Furthermore, the haunches are not controlled by the curb. It’s a myth of modern riding that haunches can be lowered by manipulating the horse’s head. The biomechanical effect of the curb bit is not the bending of the haunches but the lowering of the head and bending of the neck through leveraged forces on the chin, poll, and mouth. This effect is unrelated to the mechanics of the hind end: a horse on a curb can bend its poll and neck with lowered hind end and elevated back, or with a trailing hind end and collapsed back (like in the “rollkur”/”low-deep-round” head carriage).

In fact, you don’t need a curb at all to achieve true collection. There is an increasing number of riders who train advanced dressage movements in a snaffle, with bitless headpieces, and with no equipment at all. Surely they should be given equal opportunity to showcase their skill and hard work in the competition arena?

IDTC/IDRC: “The double bridle enables the rider to improve the precision of his aids and to establish a refined communication with his horse (…) This evidences a high level of skill and training and why it is required at top level of competition. Proper use of the double bridle demonstrates the ultimate in expertise.”

Comment: There are many ways of establishing refined communication between rider and horse, and I would suggest that achieving this with minimal use of equipment is arguably a better demonstration of skill, training, and expertise. Dressage is, at its core, about movement, not about equipment.

To quote one of the great masters of classical dressage, Nuno Oliveira, who famously was said to execute advanced dressage movements with nothing but a silk cord in his horse’s mouth: “It is only by allowing horses to move on a free rein, and not in holding them in, that success may be obtained. Riders who hold in their horses are insignificant riders and will never advance.”

IDTC/IDRC: “Similarly spurs give the rider the opportunity to give subtle and refined leg aids.”

Comment: This is another myth of modern dressage, which perpetuates a misunderstanding of how spurs work. Spurs are not a refinement of the leg aids in general, but rather a specific leg aid used to create collection.

When spurs are applied to the horse’s sides, the horse braces against them by contracting the abdominal muscles, which angles the pelvis and lowers the haunches (you can easily visualise this with an unsuspecting friend: press your fingers into their sides and see what their body does).

As very few competitive dressage horses are ridden in true collection anymore, spurs are clearly not used the way they are intended to be used and are therefore an unnecessary piece of equipment for most riders.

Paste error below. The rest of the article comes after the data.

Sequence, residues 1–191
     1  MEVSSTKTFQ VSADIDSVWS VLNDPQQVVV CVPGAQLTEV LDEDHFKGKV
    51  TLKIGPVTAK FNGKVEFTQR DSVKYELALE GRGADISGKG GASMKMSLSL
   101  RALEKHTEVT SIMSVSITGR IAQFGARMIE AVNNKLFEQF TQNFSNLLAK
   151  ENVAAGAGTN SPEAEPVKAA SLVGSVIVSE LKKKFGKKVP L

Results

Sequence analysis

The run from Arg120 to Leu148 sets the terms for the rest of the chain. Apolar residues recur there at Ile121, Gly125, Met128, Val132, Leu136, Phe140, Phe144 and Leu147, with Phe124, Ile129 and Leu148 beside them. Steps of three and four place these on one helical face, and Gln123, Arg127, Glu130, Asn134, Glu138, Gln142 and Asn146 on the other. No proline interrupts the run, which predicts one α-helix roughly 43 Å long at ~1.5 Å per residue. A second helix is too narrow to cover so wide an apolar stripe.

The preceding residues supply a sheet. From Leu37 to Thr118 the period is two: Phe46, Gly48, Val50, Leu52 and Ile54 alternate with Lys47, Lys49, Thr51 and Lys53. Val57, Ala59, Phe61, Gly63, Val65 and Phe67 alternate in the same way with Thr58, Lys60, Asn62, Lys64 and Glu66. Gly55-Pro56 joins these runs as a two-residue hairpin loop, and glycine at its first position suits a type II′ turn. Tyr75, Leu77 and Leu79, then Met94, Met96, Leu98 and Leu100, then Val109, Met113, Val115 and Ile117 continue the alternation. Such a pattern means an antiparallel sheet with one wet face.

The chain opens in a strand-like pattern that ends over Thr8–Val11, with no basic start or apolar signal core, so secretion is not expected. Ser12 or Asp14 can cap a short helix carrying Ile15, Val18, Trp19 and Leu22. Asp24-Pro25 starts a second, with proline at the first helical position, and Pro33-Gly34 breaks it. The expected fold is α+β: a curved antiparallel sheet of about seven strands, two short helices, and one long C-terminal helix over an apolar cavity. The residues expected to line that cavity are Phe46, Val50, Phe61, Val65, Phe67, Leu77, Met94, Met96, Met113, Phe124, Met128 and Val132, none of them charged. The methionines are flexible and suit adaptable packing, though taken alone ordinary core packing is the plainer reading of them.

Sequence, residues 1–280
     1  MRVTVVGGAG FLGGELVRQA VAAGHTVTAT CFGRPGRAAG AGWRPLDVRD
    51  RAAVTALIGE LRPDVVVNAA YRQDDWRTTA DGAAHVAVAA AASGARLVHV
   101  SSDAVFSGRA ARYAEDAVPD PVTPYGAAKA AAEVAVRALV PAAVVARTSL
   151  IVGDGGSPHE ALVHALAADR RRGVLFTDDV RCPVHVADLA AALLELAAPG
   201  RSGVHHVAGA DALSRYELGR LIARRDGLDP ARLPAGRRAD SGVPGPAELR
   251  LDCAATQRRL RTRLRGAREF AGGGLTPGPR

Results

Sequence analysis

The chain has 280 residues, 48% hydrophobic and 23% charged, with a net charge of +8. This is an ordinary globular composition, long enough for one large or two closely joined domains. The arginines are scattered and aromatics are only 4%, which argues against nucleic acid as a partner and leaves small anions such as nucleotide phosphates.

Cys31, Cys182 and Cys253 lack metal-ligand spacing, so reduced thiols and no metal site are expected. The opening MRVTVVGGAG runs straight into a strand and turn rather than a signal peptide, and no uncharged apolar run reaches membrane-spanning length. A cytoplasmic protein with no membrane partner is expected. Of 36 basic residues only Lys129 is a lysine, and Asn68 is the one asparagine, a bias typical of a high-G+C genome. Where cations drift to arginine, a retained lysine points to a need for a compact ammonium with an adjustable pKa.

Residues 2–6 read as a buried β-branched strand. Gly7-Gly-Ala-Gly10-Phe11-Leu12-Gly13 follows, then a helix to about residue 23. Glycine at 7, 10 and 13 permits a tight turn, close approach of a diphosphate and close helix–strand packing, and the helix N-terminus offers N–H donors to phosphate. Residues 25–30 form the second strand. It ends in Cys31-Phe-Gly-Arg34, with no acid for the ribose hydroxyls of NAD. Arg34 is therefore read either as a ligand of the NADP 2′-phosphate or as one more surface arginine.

Furthermore, there are plenty of riders who achieve true collection without spurs, and they have as much right to showcase their skills and training as those who use them.

IDTC/IDRC: “Therefore, we believe that neither the double bridle nor spurs represent a welfare risk to horses and there exist sufficient controls to ensure against their misuse. To make these two pieces of equipment optional would have no positive impact on horse welfare.”

Comment: Unfortunately, the evidence indicates that current controls are insufficient and that horses suffer considerably due to poor fitting and use of double bridles and spurs…

About 10% of dressage horses and 16% of dressage ponies have oral lesions, according to a recent study. They are more frequent with bitted than bitless bridles and increase significantly with competition level (6).

Noseband design and tightness are not regulated at all, even though there is a strong correlation between noseband tightness and bit-related injuries (7), physical discomfort, and emotional discomfort.

These effects are compounded by the double bridle. Particularly crank nosebands, common in double bridles, can exert nerve-damaging pressures on the horse’s face. When combined with a double bridle, tight crank nosebands also impair blood flow to the face and trigger a physiological stress response in the horse (7, 8).

Many dressage horses are forced to move with their nasal plane behind the vertical as a direct effect of the mechanics of the double bridle. This head position is associated with both physical and emotional discomfort (3, 9, 10) and is not sufficiently penalized in dressage competitions (10).

The prevalence of conflict behaviours – a sign of emotional stress, and thus compromised welfare – in dressage horses is generally high (5), and some studies have found that it increases with competition level. (3, 4) Conflict behaviours are also not penalized by the judges (5).